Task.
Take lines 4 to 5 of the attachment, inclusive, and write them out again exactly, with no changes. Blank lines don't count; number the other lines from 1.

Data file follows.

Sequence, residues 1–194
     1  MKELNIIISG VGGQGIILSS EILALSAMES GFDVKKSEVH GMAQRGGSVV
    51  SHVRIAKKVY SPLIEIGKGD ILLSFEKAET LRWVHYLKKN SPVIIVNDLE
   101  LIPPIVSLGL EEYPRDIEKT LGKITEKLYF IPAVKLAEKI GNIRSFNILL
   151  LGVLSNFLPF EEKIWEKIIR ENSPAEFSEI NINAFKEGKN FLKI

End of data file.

   101  LIPPIVSLGL EEYPRDIEKT LGKITEKLYF IPAVKLAEKI GNIRSFNILL
   151  LGVLSNFLPF EEKIWEKIIR ENSPAEFSEI NINAFKEGKN FLKI